Wild Animals Displaced by Logging in Cities and Towns

Wild Animals Displaced by Logging in Cities and Towns
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Urbanization and the Human Influence

Animals in the city? Who would have thought we’d see animals wandering the city or neighborhoods? Well, we have nobody to blame but the human populace. Urbanization of public lands is growing wildly and animals are trying to accommodate themselves to either relocate or adapt to ways of living in harmony amongst the humans.

But, there’s no stopping urbanization and has been snowballing dramatically since around 200 years ago. Around that time, people were starting to migrate to large cities for opportunities in the industrial age and in the past 50 years, people spread outward towards the urban sprawl beyond the city. While about a third of the populace live in metropolitan areas, by the year 2030 it is estimated the remaining two-thirds will populate the rest. What is the impact of wild animals displaced by logging?

Deforestation and its Effects

Deforestation is the process by which loggers harvest trees for purposes of business, acreage for crops, grazing livestock, and workers to provide for their families. But, this is being done on a massive scale, thus, is causing serious problems for the environment. About 30% of forests cover the world’s land area.

This can cause many effects on the environment, mainly impacting the loss of habitat for many species and can cause a major imbalance to the ecosystem as well as loss in biodiversity. Most won’t survive the deforestation that destroys their homes causing endangered species to become extinct.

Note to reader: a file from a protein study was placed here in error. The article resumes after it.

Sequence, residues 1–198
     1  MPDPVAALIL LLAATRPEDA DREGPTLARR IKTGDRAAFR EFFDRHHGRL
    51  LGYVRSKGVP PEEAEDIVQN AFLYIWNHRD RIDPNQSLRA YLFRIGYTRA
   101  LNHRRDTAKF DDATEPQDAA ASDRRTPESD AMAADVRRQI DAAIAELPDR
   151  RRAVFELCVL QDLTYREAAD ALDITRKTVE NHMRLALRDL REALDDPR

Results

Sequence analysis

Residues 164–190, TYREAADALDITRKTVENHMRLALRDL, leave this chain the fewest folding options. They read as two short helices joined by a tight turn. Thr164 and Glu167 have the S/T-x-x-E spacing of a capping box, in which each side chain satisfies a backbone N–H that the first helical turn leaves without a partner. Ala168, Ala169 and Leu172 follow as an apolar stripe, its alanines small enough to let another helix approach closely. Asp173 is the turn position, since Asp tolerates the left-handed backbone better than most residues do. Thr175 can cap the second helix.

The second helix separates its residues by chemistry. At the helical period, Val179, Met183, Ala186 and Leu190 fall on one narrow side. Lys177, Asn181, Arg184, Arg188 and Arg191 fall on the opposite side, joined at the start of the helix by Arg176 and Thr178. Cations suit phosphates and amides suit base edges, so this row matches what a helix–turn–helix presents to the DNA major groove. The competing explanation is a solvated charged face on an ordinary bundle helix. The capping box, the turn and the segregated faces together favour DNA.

Yogi, Boo Boo, and Other Displaced Animals

As stated earlier, however, some animals seem to manage to live among the urban sprawl. For example, in central Florida in the Wekiva Springs area, wildlife such as they wayward Florida Black Bear are wandering into neighborhoods and are seeming to be more of a nuisance for humans. They like to forage into garbage cans eating left over scraps and the like. A lot of them seem to find themselves in predicaments where they can’t get back to the local forest and wind up in a neighborhood tree for an inordinate amount of time. This is not unlike the Yogi and Boo Boo cartoons that we’ve all seen on T.V. It’s not as comical because of the consequences. A bear’s diet consisting of human junk food, wrappers and all, are not good for the bears diet and feeding the bears leaves wildlife unfearful of humans as well.

The good news is that regulatory authorities are coming up with ways of relocating displaced animals that become a nuisance as well as preserving endangered/threatened species. However, the fate of these animals is unknown once they’re translocated. There are situations to consider when relocating animals such as:

  1. Will they become nuisance to new locations?
  2. Return to previous home habitats?
  3. Will mortality rates go up?

Wayward Florida Black Bear Stuck in a Neighborhood Tree

Is There Recovery?

Authorities are doing what they can to compensate for the growth of human civilization to preserve and/or possibly restore endangered or threatened animal species.

Fortunately, there’s some hope! Apparently, the harvested trees of the rainforest are now growing back. Predictions made by scientists have suggested that about half of all species would be lost within our lifetimes, but rainforest regrowth has not been factored into the equation. So the possibility of wildlife and plant restoration does exist and the estimates for species loss due to deforestation have been overestimated.


“Rainforests are Returning: Will Displaced Animals Return?” Environment News Service: https://www.ens-newswire.com/ens/jan2009/2009-01-12-01.asp

This post is part of the series: Endangered Species and Displaced Animals

Where do the animals go where there’s no place to go?

  1. Displaced Animals in Cities and Towns
  2. Reasons Humpback Whales are Endangered